Christianity is a beautifully disturbing religion at its core. Not because God is barbaric. Not because Christianity is steeped in a superstitious worldview. Rather, because sin is a repulsive thing to behold, especially for a perfect God. Yet, for all the bloodshed, propitiation emanates from God’s immense love for His creation. As Leon Morris points out, “It is the combination of God’s deep love for the sinner with His uncompromising reaction against sin which brings about what the Bible calls propitiation.”
When I say that propitiation separates Christianity from every single religion on the planet, what I’m saying is that Christianity claims that Jesus Himself became a death offering to God that was deemed enough; it was enough of an offering to appease God and dissipate His holy wrath. In other words, it worked. It did the job.
The slaughter of Jesus pleased God.
Before Jesus was butchered and laid before God to divert His wrath, we were toast. It was over and our fates were sealed. Our destiny in hell was already decided. After Jesus’ death everything changed. God was pleased with the sacriﬁce and His wrath was averted. It was enough. That can’t be said about non-Christian religions. All of them are inadequate. None provide enough of a sacriﬁce to bring God back into a right frame of mind so that He doesn’t ultimately punish those religion’s followers with His wrath in hell.
In fact, just to reinforce this even more, I’d like for you to do something. From now on whenever you hear the name of a religion other than Christianity, I want you to picture the words not enough in parentheses after the name:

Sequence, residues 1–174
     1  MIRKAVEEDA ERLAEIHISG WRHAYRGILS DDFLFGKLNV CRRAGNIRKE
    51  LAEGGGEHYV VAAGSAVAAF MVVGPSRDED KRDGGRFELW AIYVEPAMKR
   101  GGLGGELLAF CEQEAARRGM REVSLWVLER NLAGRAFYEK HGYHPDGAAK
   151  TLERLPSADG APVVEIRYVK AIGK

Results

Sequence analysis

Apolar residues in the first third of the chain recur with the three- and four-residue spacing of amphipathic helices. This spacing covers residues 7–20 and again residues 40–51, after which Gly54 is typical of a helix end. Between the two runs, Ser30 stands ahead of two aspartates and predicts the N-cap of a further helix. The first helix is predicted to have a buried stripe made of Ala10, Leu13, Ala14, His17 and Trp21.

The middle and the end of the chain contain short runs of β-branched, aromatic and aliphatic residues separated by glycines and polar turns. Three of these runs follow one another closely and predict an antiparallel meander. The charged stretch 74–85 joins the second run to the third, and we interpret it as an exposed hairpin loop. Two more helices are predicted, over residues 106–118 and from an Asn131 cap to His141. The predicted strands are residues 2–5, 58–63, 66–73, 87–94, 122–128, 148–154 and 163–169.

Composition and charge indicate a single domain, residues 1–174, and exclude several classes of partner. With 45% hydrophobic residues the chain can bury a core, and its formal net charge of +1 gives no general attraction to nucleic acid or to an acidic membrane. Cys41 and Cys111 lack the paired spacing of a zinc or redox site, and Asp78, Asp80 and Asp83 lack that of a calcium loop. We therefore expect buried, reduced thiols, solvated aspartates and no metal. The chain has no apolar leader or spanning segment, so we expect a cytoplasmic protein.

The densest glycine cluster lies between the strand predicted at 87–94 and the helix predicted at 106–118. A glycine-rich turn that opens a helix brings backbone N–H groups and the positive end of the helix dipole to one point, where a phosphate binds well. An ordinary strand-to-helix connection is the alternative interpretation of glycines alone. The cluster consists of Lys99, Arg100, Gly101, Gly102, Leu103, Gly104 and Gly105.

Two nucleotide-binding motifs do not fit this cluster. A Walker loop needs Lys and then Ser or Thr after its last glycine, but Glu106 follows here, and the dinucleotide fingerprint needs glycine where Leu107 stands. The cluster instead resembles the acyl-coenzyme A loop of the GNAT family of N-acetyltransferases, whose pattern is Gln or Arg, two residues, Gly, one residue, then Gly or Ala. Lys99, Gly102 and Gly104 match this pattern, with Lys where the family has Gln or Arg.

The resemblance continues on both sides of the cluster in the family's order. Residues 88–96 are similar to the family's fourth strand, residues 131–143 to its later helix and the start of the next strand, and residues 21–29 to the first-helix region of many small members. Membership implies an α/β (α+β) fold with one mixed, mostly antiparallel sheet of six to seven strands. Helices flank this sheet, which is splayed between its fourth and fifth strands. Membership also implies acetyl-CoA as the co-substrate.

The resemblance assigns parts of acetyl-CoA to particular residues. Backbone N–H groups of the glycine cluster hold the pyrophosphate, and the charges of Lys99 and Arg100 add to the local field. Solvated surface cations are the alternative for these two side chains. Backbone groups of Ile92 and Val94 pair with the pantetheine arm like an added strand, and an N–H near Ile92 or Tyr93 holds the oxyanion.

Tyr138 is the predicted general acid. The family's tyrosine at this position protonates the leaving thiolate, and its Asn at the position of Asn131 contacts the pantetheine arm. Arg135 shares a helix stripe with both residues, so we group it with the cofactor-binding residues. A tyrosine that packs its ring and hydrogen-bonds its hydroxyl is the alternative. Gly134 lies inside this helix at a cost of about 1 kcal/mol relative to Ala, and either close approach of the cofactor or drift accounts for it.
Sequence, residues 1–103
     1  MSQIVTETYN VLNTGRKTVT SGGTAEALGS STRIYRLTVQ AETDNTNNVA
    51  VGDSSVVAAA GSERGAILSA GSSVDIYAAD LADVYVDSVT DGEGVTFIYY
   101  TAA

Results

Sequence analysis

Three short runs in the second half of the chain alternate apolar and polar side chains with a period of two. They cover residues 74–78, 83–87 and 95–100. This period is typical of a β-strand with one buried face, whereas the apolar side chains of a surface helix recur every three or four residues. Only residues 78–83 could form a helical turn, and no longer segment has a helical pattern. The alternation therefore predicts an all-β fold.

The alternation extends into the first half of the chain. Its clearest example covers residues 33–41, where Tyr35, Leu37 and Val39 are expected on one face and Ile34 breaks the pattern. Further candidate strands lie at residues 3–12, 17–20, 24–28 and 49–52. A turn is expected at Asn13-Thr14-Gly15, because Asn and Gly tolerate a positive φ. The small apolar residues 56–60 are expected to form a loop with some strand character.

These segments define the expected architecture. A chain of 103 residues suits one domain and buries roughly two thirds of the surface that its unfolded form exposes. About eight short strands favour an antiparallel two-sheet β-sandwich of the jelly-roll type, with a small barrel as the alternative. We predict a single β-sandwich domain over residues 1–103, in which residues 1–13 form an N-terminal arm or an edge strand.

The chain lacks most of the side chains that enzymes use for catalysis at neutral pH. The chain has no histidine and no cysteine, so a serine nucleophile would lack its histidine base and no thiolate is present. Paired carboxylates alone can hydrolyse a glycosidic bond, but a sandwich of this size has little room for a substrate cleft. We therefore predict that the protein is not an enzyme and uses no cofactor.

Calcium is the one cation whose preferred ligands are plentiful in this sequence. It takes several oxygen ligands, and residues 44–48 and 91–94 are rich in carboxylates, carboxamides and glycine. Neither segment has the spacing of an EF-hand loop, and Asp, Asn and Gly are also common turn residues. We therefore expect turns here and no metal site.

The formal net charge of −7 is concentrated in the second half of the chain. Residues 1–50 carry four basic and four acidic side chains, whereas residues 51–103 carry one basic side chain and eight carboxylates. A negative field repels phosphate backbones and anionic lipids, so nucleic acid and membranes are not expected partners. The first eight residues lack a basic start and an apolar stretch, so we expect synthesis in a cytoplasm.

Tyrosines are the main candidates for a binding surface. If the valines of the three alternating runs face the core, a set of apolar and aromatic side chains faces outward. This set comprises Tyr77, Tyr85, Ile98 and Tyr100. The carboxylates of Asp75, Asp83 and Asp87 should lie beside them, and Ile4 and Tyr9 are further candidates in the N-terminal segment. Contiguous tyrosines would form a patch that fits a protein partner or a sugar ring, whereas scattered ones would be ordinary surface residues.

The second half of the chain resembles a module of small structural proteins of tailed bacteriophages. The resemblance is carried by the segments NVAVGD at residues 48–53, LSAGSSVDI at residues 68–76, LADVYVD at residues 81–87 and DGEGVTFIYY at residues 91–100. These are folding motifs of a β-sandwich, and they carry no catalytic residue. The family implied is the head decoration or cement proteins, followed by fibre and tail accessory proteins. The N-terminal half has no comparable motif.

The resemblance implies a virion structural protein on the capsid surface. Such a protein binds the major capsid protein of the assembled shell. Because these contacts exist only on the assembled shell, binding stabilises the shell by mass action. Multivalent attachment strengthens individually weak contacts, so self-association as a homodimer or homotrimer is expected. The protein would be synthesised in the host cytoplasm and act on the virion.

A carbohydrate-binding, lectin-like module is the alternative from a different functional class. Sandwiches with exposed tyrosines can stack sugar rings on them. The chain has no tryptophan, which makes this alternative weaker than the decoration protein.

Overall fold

Judaism (not enough)
Buddhism (not enough)
Jainism (not enough)
Islam (not enough)
Vaishnavism (not enough)
Jesus’ slaughter was enough to cover our sins so God could be in our presence without instantaneously destroying us. Following the basic tenets of Islam can’t do that for you. You could be a faithful Muslim who believes there is no God but Allah, that Muhammad is his messenger, you could pray five times a day, fast during Ramadan, give alms to the poor, and make the pilgrimage to Mecca. You could do all that and more, and it still wouldn’t be enough to appease God’s wrath.
In fact, the sum total of the offering presented to God by following Islam is so insufficient that you could make fifty million trips to Mecca, give every single dime of your wealth to the poor, pray fifteen hundred times a day for the rest of your life, and it still wouldn’t be enough.
Even if you felt better as a person adhering to those beliefs.
Even if those beliefs gave your life meaning and purpose.
Even if those beliefs rescued you from a life-controlling addiction.
Even if those beliefs saved your marriage.
Even if you think those beliefs are the hope of the world.
Those beliefs are simply not enough.
And that’s not a statement against Islam so much as it’s a statement about all non-Christian religions. What is so important about Christianity that makes it worth offending the billions upon billions of people who lovingly and authentically embrace other religions? What makes it worth risking misunderstanding, awkwardness, loss of friendships, and even your life? What causes a Christian to be mildly committed to evangelism one day and the next day consumed with apocalyptic urgency to reach his or her friends for Christ?
One word: propitiation.
They finally “get” what Jesus’ death on the cross really accomplished.
But still, this isn’t what creates apocalyptic urgency.
What grabs our hearts with the force of eternity is the moment we realize that, as Romans 3:25 says, “God presented Christ as a sacrifice of atonement, through the shedding of his blood—to be received by faith.”
The beneﬁts of Christ’s propitiation must “be received by faith.”
That means friends and family members have to know they are “deserving of wrath” (Eph. 2:3), and they must understand the mess they’re in before they can do something about it.
They must be told by someone wearing skin.
And that someone is you.
Sign up HERE to get my articles delivered straight to your inbox.